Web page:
Public schools

San Diego Public Schools Will Overhaul Its Grading System To Achieve 'Anti-Racism'

"If we’re actually going to be an anti-racist school district, we have to confront practices like this that have gone on for years and years."


San Diego's public schools want to be anti-racist, so they're…abolishing the traditional grading system?

"This is part of our honest reckoning as a school district," San Diego Unified School District Vice President Richard Barrera told a local NBC affiliate. "If we're actually going to be an anti-racist school district, we have to confront practices like this that have gone on for years and years."

District officials evidently believe that the practice of grading students based on their average score is racist, and that an active effort to dismantle racism necessitates a learning environment free of the pressure to turn in assignments on time. As evidence for the urgency of these changes, the district released data showing that minority students received more Ds and Fs than white students: Just 7 percent of whites received failing grades, as opposed to 23 percent of Native Americans, 23 percent of Hispanics, and 20 percent of black students.

Under the new system, students will not be penalized for failing to complete assignments, and teachers will give them extra opportunities to demonstrate mastery of subjects. The grades they receive upon completion of a course will no longer reflect their average test and assignment scores. "Common grading practices such as averaging a student's grade over time can disadvantage students who started the year behind grade level and can discredit the progress a student has made, experts have said," noted The San Diego Union Tribune.

The new approach—which is rather confusingly written—still includes letter grades, but these will reflect student's "mastery" of the subject rather than their completion of homework, quizzes, and tests. What constitutes mastery is left unexplained. Grades "shall not be influenced by behavior or factors that directly measure students' knowledge and skills in the content area," which sounds like a recipe for highly subjective grading. And a great deal of leniency will now be given to students who don't do the work for a course, including those who don't show up at all: Attendance can no longer be a factor in grading.

In any case, ending these kinds of grades doesn't actually eliminate the underlying inequities that produced the disparate Fs. It may actually cover those inequities up: Given that grades are a tool for evaluating students' progress, the district is essentially announcing that it will no longer gather as much evidence about the negative social phenomena it would probably like to address. Better grades do not mean students will suddenly have a better grasp of the material. They certainly won't be better prepared for college (where traditional grades are very much still a thing).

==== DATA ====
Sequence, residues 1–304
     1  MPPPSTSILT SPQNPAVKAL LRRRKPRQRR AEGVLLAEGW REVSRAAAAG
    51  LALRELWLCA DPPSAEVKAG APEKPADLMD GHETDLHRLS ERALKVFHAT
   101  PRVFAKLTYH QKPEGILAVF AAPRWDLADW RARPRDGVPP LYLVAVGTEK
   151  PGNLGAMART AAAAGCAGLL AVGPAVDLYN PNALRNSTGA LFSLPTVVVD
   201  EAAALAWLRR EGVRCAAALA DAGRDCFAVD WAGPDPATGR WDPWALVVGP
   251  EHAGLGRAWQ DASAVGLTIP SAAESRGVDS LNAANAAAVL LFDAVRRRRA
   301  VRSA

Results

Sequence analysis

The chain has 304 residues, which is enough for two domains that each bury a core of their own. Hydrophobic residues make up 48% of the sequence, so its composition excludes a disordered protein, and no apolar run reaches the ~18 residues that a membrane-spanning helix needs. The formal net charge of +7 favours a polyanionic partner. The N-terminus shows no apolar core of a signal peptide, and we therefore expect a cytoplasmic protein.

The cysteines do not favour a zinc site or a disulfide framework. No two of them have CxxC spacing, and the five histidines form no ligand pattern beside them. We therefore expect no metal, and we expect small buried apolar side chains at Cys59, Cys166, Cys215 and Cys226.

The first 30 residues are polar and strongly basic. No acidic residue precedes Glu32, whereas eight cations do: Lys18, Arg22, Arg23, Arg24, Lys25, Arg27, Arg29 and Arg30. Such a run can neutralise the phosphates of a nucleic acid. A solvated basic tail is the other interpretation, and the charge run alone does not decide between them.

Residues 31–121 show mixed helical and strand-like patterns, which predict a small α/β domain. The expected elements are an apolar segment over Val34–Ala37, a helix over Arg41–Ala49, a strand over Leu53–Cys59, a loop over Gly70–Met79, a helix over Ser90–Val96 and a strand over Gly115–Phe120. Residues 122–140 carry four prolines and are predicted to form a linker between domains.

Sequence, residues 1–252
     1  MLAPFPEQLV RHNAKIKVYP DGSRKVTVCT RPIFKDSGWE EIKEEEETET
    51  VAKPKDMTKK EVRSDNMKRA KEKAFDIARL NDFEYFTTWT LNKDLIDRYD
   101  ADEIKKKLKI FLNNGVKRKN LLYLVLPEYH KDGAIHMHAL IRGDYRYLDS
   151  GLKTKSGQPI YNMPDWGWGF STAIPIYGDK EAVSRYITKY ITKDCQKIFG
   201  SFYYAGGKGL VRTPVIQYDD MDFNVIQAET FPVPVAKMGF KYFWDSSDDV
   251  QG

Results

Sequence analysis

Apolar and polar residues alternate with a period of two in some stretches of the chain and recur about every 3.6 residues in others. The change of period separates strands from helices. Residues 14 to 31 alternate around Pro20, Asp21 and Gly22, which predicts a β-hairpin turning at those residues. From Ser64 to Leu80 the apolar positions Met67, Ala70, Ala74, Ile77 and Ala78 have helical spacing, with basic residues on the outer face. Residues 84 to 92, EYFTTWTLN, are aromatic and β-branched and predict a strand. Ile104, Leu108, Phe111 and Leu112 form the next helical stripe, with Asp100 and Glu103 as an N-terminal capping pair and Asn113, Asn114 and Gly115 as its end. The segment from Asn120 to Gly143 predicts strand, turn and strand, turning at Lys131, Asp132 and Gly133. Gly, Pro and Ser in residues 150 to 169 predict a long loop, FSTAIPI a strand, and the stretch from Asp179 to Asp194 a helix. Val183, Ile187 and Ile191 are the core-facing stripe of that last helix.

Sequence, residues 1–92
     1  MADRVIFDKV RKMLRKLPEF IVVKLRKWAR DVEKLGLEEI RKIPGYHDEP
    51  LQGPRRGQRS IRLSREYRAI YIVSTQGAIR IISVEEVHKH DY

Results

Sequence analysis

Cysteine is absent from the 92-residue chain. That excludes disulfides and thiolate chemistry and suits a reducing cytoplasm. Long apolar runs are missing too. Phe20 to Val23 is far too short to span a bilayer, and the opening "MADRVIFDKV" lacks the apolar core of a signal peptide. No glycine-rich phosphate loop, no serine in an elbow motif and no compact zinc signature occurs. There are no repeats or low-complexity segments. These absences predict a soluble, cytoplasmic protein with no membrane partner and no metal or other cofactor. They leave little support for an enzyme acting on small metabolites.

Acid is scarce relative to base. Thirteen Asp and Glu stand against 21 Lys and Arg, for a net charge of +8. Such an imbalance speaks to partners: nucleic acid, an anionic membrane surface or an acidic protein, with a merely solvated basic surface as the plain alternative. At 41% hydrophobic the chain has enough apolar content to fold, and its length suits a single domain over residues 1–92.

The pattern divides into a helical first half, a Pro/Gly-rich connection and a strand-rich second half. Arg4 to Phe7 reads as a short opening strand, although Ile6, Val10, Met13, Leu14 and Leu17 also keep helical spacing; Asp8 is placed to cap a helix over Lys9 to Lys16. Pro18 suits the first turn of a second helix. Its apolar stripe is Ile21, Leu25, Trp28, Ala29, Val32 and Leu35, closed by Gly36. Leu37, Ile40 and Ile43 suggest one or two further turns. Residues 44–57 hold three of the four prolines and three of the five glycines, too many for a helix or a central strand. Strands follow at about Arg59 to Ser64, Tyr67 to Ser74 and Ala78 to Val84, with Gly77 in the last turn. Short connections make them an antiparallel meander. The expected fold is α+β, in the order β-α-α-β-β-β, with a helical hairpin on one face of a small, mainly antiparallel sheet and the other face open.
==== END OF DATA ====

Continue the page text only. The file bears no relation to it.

Indeed, this comes perilously close to addressing poverty by no longer tallying the number of homeless people—or, to use a timely example, President Donald Trump's frustration that increasing COVID-19 testing will make the epidemic look worse. Coronavirus cases exist even if they go undetected; similarly, minority students who are falling behind their classmates will be falling behind even if their teachers aren't giving them Fs.

Eliminating grades and standardized testing has become something of a crusade for California progressives. California's public universities, for instance, announced earlier this year that they would no longer require applicants to take either the SAT, a measure on which white students have historically outperformed others. But this elides a serious problem for minority students: Other admissions criteria—such as legacy considerations and extracurricular activities—favor privileged applicants even more dramatically than grades and tests do. The wealthiest (and usually whitest) students have better access to résumé-padding activities; yes, they can also hire tutors and take test prep courses, but there's only so much extra value to be extracted from these things.

At present, San Diego schools are only open for a handful of special-needs students. What district kids need most of all is probably a return to normalcy, as soon as possible. An experimental system that eliminates year-end letter grades seems like an especially bad idea for the current moment.